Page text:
Kevin Lee, co-executive producer, "Real World": The fact that Frankie is a cutter did come up during the interview process, but it was as something from years ago, rather than a current issue.

Perry, her stepfather: Of course the cutting was pretty tough to watch. Made me feel like a dumb parent. She'd been doing that since she was 15 and I didn't know it. Duh. I believed her when she said her cat kept scratching her.


Frankie: (The cast) all went to L.A. and saw each other (at a seminar on how to give speeches to college students). And I worked things out with Robin. We're all over (the fighting) now. We've all seen our shining moments and our not-so-shining moments (on TV). We realize we were all victimized at certain times. I know there are times when Robin was like, "Oh, man, that was not how things happened."

For a long time I really regretted doing the show. I just feel like I really screwed up a lot of people's lives by going. My sister (Mamie) has to hear about it at school all the time. She's like "Frankie's Sister" now, and that's gotta be hard.

Perry, her stepfather: I think it's been the hardest on Mamie (who's 12). She really is the one who is always on Frankie's side. She's her biggest means of mental support. So I think it's tough to be the older sister, mentally, when you are really the younger sister, physically.


Frankie: It sucks sometimes when people think they know me and they hate me.

On the other hand, there are tons of 13-year-old girls out there now who tell me, "I wanna be like you. People don't like me at my school. They're the preppy girls and I hate them." I feel like I'm really carrying a message to them, that they're OK the way they are. They don't have to change. They're beautiful for being themselves. I think I have delivered a really valuable message to a lot of people in today's youth, and that's the only way that I feel even remotely like a celebrity. And it's the part I like the most.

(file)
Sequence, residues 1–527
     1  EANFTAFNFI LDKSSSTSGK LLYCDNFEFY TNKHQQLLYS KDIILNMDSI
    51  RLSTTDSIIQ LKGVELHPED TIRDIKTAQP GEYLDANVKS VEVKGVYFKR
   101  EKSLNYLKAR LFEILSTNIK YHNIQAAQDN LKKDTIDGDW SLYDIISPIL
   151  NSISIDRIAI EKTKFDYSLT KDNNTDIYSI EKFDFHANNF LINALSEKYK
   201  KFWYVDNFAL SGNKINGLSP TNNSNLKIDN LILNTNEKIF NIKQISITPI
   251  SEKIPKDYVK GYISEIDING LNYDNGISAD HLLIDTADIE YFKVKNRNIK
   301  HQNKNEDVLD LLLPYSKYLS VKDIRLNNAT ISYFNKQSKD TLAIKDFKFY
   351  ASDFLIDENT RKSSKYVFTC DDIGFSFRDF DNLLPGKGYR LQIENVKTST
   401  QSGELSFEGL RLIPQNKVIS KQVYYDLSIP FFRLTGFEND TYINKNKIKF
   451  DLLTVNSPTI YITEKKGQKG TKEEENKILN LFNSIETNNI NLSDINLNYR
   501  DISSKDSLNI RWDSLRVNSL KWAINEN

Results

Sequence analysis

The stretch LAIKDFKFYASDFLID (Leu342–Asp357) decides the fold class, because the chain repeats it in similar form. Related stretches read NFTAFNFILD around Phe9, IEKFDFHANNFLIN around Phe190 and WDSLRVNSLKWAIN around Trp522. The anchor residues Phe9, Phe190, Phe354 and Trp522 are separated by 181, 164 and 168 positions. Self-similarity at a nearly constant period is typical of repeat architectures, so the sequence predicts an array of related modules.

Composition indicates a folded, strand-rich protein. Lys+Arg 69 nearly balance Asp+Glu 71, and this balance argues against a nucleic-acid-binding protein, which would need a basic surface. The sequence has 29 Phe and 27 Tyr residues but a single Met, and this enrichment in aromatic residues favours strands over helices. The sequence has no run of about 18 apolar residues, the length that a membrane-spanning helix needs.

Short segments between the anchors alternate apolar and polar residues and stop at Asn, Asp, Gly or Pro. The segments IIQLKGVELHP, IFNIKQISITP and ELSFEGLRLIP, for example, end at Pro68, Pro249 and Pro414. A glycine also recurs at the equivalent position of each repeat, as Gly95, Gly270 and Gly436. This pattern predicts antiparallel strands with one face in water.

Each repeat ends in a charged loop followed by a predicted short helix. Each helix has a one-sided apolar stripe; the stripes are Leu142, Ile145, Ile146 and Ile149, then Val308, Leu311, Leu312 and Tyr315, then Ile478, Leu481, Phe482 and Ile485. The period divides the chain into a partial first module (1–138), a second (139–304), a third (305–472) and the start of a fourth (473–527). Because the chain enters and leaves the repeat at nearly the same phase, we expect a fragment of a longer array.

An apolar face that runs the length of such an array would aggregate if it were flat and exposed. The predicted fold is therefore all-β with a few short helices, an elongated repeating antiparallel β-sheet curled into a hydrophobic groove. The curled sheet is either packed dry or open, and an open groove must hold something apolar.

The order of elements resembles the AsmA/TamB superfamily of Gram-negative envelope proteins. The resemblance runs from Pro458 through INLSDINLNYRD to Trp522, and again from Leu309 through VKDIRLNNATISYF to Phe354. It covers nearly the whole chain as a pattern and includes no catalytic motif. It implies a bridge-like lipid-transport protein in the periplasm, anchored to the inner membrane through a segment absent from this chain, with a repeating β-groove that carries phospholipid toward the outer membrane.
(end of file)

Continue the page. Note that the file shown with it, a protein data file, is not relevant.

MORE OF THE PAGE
Frankie spent three weeks in a hospital earlier this year recovering from what may have been pneumonia. The median life expectancy for people with cystic fibrosis is about 32 years.

Frankie is looking for a job. She doesn't know yet if she'll be in demand on the college lecture circuit.

She reunited with the cast at the end of filming in December to do promo spots and again in April. She does plan to take part in an "RWSD" reunion show; it will be taped later this month in New York.

Her hair is no longer pinkish-red. It's a combo of black, blue, purple, pink and teal. She did it herself: "Nobody's touching my color."

This, the 14th season of "Real World," is on track to become the most-watched season of the show.

To reach Tim Engle, features writer, call (816) 234-4779 or send e-mail to